I've given this a lot of thought," Schellinger told reporters after filing his candidacy. "I'd like to think this is a 46-year calling for me. ... I believe in Indiana we can do better. I believe that the citizens of Indiana deserve good leadership and I believe that I'm prepared to do that."
He said being president of CSO Architects in Indiana, a job he worked his way up to, gives him the experience needed to be the chief executive officer of Indiana.
Asked the biggest difference between himself and the man he hopes to replace, Republican Gov. Mitch Daniels, Schellinger said he will listen and build concensus among Hoosiers.
"I've spent a career focusing on listening to people and bringing diverse groups of people together and building concensus toward positive outcomes," he said.
But he said he did not want to focus now on Daniels.
"The govenror is a patriot. His heart is in the right place. He works hard to lead our state. I don't think that's what today's about," he said. But the next 21 months will be about drawining distinctions, and Schellinger said he will be campaign full-time to try to win the office.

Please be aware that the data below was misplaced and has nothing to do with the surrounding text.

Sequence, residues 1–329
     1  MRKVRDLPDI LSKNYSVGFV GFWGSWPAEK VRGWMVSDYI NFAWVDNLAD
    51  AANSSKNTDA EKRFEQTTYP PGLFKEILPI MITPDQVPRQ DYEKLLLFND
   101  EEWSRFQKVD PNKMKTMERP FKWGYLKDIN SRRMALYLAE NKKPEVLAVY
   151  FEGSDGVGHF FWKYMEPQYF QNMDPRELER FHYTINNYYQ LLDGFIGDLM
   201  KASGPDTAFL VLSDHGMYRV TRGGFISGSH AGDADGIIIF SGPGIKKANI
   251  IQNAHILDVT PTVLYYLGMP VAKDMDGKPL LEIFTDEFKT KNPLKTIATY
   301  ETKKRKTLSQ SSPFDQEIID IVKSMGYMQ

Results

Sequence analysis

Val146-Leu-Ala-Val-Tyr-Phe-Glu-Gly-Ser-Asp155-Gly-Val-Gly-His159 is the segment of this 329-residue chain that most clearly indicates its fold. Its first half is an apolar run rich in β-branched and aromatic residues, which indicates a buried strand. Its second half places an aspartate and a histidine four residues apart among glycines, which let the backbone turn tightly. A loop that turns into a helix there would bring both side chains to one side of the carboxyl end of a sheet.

If building binge equals tax and spend, Hoosiers need to grab their wallets and cringe.
IndyStar's Matt Tully notes, "Indianapolis architect Jim Schellinger has formally announced plans to run for governor as a Democrat. Many in the party have filed behind Schellinger and believe he is the party's best hope of defeating Gov. Mitch Daniels in 2008. Schellinger will file candidacy papers this afternoon."
What Tully didn't mention is the money trail that follows Schellinger. The architect made a fortune from property taxes by charging outrageous fees to design government school buildings. He then donated much of the money made from property taxes to his favorite Democratic candidates, greasing the rails along the road to the statehouse.